Soon to be at White Bear Theatre, a new revival of Candlesticks will be playing- a play still as relevant after three decades since it was first shown. When things get complicated between two lifelong neighbouring families, their friendships seems to crumble as change pulls them away from their past lives. Will their beliefs ever allow for companionship to remain?
Jenny Eastop is directing this production, and has kindly told us a bit more about it.
Please can you tell us a bit about this project, Candlesticks?
Candlesticks was one of three plays that writer Deborah Freeman was awarded an Arts Council writing bursary for in 1993 and it had several productions around then. Returning to it in 2022, it’s clear that not only has it not dated, but it deals with ideas that are even more relevant now. It’s about two families, lifetime neighbours, who constantly try to come together and be friends/lovers/a support to each other but who find themselves driven apart by the very things that should bring them together.
How does it strive to be controversial and topical, yet a charming watch?
The play deals with big issues and ideas – it’s about people trying to find meaning in life and root themselves in something that really matters to them but which drives them away from those they should be closest to. But the play also deals with relationships – mother and child, childhood sweethearts, families. At its heart, it’s about four perfectly ordinary, decent people who love each other and are just trying to get on with their lives and with each other.
How is the reflection of clashing cultural ideas relevant to today's society, as well as 30 years ago when it was first performed?
It’s an issue that is never going to go away, the idea that those things that should bring us together are also the very things that can drive us apart. People find meaning and comfort in being part of a group, a community, by sharing deeply held beliefs and, as the world gets bigger and we get more spread out, the need to bond gets stronger. But the more we bond with our community, the more alien those outside it can seem. What could demonstrate more clearly the quintessential Christianity of Great Britain than the ceremony of recent days? Yet who doesn't also believe, these days, in a diverse society in which all groups live freely, with their beliefs, cultures - and histories? But if you switch on the news any day then people across the world are challenging other people's belief. It's a significant part of what the world has to worry about.
Of what importance is sharing the changes in beliefs within families over generations, and discussing Jewish heritage in the show?
If beliefs in families change over time and everyone's happy with how the changes come about, there isn't much drama in the process. But sometimes a person in a family who has a change of belief can cause, deliberately or not, confusion, disappointment - even anger and rejection. I think it’s vital for us all to understand where our need to be a part of something comes from and why our connection with our past gives us grounding. It’s such a fundamental issue, the shifting sense of belonging and assimilation that comes with changing times, and in this modern age our sense of history is disappearing. To know our past and connect with our own personal history is becoming even more important.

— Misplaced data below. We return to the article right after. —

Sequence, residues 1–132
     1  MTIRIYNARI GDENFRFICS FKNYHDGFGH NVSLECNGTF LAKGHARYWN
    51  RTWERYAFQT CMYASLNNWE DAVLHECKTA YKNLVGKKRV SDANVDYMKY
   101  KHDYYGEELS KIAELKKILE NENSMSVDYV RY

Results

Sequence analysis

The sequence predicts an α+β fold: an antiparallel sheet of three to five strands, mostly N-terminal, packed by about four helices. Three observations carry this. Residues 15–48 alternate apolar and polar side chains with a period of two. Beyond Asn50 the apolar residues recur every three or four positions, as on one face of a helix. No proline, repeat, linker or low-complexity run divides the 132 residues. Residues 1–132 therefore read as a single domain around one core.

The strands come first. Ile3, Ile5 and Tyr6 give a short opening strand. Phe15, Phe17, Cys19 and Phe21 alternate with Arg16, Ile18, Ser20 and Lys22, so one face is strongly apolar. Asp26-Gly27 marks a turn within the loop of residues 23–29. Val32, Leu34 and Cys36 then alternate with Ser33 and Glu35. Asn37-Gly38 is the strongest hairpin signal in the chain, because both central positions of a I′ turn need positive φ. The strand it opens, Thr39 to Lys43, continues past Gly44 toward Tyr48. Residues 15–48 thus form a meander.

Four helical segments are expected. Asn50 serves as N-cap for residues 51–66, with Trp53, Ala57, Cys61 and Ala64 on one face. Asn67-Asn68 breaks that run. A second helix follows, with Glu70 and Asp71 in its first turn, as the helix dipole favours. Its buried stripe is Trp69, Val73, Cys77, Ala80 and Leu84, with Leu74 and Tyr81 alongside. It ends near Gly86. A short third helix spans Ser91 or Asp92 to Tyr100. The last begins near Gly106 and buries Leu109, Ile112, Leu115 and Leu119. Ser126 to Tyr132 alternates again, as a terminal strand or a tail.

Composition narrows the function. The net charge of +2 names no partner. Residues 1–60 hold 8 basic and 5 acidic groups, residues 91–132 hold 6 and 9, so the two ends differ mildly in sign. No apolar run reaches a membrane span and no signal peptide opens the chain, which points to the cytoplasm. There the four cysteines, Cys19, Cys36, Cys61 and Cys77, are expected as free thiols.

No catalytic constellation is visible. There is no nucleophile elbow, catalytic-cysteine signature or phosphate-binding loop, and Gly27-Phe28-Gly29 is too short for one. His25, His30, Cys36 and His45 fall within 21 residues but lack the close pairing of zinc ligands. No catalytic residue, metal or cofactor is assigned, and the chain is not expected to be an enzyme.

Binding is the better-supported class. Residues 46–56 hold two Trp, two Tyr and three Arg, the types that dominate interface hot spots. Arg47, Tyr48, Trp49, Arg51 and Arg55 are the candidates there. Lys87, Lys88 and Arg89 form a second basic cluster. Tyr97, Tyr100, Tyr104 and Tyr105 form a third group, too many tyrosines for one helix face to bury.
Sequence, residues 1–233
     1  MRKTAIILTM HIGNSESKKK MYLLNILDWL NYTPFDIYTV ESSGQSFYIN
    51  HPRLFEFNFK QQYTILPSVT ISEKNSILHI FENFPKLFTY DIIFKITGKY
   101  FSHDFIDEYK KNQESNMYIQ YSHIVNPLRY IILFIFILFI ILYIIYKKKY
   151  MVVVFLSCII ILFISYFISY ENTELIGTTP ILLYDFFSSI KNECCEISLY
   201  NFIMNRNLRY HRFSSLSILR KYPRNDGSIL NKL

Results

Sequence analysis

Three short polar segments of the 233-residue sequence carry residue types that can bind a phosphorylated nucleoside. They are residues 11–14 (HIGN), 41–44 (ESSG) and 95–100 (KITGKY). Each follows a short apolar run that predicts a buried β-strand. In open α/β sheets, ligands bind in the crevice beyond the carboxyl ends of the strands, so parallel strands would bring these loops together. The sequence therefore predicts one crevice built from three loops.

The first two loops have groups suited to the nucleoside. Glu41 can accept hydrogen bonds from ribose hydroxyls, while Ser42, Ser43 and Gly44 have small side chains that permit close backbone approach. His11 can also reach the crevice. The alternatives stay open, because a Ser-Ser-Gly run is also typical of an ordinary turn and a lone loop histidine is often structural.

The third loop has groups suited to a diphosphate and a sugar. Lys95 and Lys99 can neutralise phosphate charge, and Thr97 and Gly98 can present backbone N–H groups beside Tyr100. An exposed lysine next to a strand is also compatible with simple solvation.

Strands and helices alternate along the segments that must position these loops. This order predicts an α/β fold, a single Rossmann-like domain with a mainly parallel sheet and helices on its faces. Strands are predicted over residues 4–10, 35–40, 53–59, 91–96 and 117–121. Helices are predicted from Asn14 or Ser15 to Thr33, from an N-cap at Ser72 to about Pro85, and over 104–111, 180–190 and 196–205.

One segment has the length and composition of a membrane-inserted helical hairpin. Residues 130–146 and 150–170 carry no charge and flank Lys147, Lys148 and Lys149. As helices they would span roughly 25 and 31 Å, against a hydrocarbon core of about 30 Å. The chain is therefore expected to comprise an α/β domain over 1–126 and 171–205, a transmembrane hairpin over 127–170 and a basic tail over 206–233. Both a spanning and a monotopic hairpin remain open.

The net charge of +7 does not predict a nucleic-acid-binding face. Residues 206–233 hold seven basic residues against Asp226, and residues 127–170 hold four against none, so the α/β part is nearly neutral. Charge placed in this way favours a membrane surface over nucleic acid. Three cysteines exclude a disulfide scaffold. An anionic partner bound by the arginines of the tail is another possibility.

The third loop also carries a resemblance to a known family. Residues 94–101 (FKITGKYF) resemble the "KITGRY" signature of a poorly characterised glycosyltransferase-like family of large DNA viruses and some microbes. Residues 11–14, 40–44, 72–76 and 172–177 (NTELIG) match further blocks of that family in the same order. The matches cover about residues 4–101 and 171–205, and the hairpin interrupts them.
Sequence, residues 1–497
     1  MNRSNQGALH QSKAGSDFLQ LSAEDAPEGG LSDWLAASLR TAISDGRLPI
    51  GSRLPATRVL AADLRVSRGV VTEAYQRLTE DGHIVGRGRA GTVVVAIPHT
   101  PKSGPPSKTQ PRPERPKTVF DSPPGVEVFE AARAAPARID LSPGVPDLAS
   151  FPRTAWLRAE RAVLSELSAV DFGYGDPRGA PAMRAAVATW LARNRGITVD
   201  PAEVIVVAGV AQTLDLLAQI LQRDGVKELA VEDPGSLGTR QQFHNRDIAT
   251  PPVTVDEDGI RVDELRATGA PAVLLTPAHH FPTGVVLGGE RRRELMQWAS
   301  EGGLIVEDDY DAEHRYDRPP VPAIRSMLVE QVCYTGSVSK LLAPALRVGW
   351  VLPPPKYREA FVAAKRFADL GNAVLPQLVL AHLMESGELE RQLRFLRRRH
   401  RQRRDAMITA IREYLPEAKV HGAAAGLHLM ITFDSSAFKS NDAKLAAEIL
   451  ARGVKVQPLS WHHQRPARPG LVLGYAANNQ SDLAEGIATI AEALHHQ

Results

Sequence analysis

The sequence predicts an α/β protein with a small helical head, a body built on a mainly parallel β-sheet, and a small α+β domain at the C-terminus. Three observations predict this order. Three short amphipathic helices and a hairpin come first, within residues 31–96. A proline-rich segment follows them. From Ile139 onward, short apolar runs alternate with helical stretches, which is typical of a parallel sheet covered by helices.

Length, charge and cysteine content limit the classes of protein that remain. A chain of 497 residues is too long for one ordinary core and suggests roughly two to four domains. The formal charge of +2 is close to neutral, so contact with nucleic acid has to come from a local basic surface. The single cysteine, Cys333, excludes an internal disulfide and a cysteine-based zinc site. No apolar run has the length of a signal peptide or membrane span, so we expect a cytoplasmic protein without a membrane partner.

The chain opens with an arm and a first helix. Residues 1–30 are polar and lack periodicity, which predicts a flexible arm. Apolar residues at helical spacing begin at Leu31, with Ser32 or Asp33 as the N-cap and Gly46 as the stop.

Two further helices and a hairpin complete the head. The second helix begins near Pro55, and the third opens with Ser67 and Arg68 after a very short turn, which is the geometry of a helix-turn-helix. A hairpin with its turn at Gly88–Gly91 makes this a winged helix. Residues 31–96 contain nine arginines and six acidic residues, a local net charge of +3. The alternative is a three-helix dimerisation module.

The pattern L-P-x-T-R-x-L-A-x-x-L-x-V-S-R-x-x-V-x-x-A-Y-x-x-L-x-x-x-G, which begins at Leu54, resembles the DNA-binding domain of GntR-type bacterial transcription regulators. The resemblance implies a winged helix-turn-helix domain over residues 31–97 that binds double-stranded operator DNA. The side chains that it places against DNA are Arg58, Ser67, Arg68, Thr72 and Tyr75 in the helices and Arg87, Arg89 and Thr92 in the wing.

Two of the characters are Jewish, and a third had a Jewish father. This matters to each of them. Jewish identity and practice is part of the plot. But definitely not the whole plot. Overall, Candlesticks is a play 'about people'.
How was the process of directing the piece, and what preparation did you do for this?
I’ve known this play for a long time but came back to it to direct it earlier this year. I’ve worked closely with the writer over that time to get to know the characters and explore the script in detail until I really got under the skin of the characters and the piece. It’s been great through the rehearsal process, sharing experiences and ideas with the cast, the writer Deborah and our Assistant Director Jonathan, as well as having conversations with friends and local synagogues to connect as fully as I could. The company were also delighted to be invited to writer Deborah and husband Jeff’s Shabbat dinner during rehearsals - a profound and moving experience that really helped my understanding.
Without spoilers, is there a passage of the play that you particularly enjoyed working on?
It’s been a real joy to work on this multi-layered play as it’s provoked so much detailed exploration and really interesting discussion. But it’s a funny and ironically witty script as well so there’s real joy in finding that humour. I think I’m finding most pleasure working on the scenes with the two youngsters, Jenny and Ian, and charting their changing relationship because they’re the ones who should have most hope for the future but who are the ones creating the chaos.
What would you anticipate the audience to be thinking about after seeing this production?
I can see it will provoke discussion and possibly argument as the audience leave. Some people will think one thing, others another. Some won't see it as a play about religions, candlesticks, or even cultures – but just a play about people who care about each other and are struggling to understand. Whatever they’re thinking I hope they’ll be realising the profound need for us all to come together and stop arguing.
Many thanks to Jenny for discussing her current play, and best of luck for the upcoming run!
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Additional thanks to Matthew Parker for coordinating this interview.